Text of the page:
Respiratory Syncytial Virus (RSV) Impact Against COVID-19 and Influenza

In a recent study analyzing severe outcomes among vaccinated adults, RSV was found to pose a greater risk than both COVID-19 and influenza, particularly in terms of necessitating Invasive Mechanical Ventilation (IMV) or death.

Investigators looked at 7,998 adults, a median age of 67 and about half female. 484 people (6.1%) were hospitalized with RSV, 6,422 (80.3%) with COVID-19, and 1,092 (13.7%) with influenza. 12.0% of those with RSV either needed IMV or died. This outcome compares to 14.1% of unvaccinated COVID-19 patients 9.2% of vaccinated ones, and 10.3% of unvaccinated and 5.1% of vaccinated influenza patients. When adjusting the data for comparison, people with RSV had similar chances of IMV or death as unvaccinated COVID-19 (odds ratio [OR] 0.82) or influenza patients (OR 1.20), odds were significantly higher compared to vaccinated COVID-19 (OR 1.38) and influenza patients (OR 2.81).

“This evaluation of RSV epidemiology during a period of endemic COVID-19 demonstrates that RSV is a serious respiratory infection in adults, and especially older adults,” according to the investigators. “Newly approved RSV vaccines for adults aged 60 years and older have the potential to reduce this severity, similar to attenuation of disease severity achieved with COVID-19 and influenza vaccination, as previously reported and also observed in this analysis

3 Key Takeaways

  1. Among vaccinated individuals, RSV demonstrated greater severity compared to both COVID-19 and influenza, particularly when looking at critical outcomes such as the need for IMV or death.
  2. The study provided a detailed comparative analysis, revealing that adults hospitalized with RSV faced similar odds of severe outcomes as unvaccinated individuals with COVID-19 or influenza.
  3. The findings stress the importance of considering RSV vaccinations for adults, particularly considering newly approved vaccines for older adults.

This prospective cohort study enrolled adults 18 and older who were hospitalized due to acute respiratory illnesses confirmed by laboratory tests to be either RSV, SARS-CoV-2, or influenza. Participants were recruited from 25 hospitals across 20 states in the US, from February 1, 2022, to May 31, 2023. The analysis of the data took place between August and October 2023.

“By stratifying our COVID-19 and influenza populations by vaccination status, we demonstrate that critical outcomes of ICU admission and IMV or death occurred in a similar proportion of unvaccinated adults hospitalized with RSV compared with unvaccinated adults hospitalized with COVID-19 or influenza,” according to the investigators. “This analysis highlights the importance of considering RSV vaccination in older adults, supported by clinical trials showing moderate to high efficacy of RSV vaccination against lower respiratory tract disease, which could lead to a reduction in severe disease outcomes.”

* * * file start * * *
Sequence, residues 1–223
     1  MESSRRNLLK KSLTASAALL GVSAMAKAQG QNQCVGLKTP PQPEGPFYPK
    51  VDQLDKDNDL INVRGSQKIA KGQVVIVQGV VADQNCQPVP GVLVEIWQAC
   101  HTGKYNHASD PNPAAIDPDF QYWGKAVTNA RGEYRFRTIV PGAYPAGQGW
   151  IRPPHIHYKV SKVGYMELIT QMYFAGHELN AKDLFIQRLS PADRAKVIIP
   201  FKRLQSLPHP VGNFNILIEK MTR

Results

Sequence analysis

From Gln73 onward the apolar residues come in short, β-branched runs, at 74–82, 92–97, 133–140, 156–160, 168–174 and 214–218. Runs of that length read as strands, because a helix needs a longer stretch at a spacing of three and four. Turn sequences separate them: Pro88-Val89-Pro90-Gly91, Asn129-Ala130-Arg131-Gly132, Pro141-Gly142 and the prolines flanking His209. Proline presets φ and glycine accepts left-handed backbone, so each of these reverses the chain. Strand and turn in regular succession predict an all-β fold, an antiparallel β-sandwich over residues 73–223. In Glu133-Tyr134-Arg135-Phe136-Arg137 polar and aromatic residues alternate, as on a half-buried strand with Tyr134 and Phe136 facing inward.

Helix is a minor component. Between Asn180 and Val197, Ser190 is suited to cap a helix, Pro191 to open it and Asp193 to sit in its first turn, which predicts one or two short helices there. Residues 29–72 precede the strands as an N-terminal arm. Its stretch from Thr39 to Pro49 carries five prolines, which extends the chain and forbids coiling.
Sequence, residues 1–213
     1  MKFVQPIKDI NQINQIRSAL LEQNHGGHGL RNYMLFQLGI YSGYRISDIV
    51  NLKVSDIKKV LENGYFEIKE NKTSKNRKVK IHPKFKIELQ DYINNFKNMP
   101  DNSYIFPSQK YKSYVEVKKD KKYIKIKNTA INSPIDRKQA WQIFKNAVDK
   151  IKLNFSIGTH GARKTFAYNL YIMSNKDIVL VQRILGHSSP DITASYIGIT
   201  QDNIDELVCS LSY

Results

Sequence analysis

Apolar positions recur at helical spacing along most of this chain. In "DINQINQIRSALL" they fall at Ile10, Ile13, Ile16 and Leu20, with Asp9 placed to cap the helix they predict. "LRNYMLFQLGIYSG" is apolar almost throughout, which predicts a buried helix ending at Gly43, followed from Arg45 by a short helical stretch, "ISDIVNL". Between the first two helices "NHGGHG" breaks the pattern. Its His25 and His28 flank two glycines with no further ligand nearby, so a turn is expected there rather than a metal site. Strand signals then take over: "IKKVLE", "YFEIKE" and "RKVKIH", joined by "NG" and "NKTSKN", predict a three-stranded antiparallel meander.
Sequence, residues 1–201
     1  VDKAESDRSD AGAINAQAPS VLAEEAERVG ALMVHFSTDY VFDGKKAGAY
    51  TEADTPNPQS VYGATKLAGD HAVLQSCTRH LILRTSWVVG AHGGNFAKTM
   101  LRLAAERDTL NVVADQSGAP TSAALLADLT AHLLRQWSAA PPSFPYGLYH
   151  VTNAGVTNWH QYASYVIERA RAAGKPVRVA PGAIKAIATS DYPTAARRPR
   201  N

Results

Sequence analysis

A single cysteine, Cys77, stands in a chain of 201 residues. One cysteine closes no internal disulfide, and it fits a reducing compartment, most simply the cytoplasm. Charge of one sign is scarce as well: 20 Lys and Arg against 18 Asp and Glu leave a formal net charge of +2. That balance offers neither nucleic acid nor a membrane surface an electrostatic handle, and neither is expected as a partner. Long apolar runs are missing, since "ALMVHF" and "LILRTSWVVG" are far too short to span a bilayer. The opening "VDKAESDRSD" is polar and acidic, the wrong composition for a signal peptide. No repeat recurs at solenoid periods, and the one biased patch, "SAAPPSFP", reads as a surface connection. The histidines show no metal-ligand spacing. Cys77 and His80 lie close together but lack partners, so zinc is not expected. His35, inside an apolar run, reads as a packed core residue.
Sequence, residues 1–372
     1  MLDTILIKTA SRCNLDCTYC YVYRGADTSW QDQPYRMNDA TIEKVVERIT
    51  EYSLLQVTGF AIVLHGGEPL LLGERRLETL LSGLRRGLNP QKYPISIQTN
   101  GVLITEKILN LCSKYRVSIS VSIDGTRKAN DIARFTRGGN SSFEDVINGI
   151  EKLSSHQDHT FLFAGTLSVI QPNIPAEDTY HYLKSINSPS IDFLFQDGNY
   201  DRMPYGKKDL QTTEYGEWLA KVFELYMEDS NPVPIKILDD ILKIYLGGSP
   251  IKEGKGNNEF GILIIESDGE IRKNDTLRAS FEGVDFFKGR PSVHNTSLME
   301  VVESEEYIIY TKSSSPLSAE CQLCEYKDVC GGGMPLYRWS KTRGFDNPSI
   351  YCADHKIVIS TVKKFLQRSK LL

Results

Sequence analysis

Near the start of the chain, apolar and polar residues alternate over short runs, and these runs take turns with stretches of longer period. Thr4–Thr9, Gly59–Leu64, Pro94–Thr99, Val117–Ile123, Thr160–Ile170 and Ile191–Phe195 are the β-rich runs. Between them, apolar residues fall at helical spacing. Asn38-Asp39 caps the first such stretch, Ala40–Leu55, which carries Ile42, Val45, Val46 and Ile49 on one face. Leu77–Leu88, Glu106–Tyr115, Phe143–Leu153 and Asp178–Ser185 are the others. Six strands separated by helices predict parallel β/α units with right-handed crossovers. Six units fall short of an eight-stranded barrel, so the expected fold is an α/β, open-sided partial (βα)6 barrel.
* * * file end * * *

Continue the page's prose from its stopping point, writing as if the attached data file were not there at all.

This analysis has limitations. It may be biased towards detecting RSV more frequently in severely ill patients who are more likely to undergo testing in hospitals. Among 6,759 adults hospitalized with acute respiratory illness and not initially tested for RSV, only 34 (0.5%) were later found to have RSV, suggesting that the number of missed cases is likely low. The study does not account for the potential impact of antiviral and immunomodulatory treatments on disease severity. Comparisons across virus groups did not adjust for treatments, indicating that reported severity levels for COVID-19 and influenza might include both treated and untreated patients.

In conclusion, the findings from this study, conducted before implying adult RSV vaccine guidelines, reveal that RSV disease severity in hospitalized adults matches that of unvaccinated patients with COVID-19 or influenza and surpasses the severity seen in those vaccinated against these viruses. These results highlight the critical need to consider the severity of RSV disease in adults as policies around RSV vaccination evolve.


Surie D, Yuengling K, DeCuir, et. al. Severity of Respiratory Syncytial Virus vs COVID-19 and Influenza Among Hospitalized US Adults. JAMA Network. Published April 4, 2024. Accessed April 5, 2024. https://jamanetwork.com/journals/jamanetworkopen/fullarticle/2817146?utm_source=For_The_Media&utm_medium=referral&utm_campaign=ftm_links&utm_term=040424

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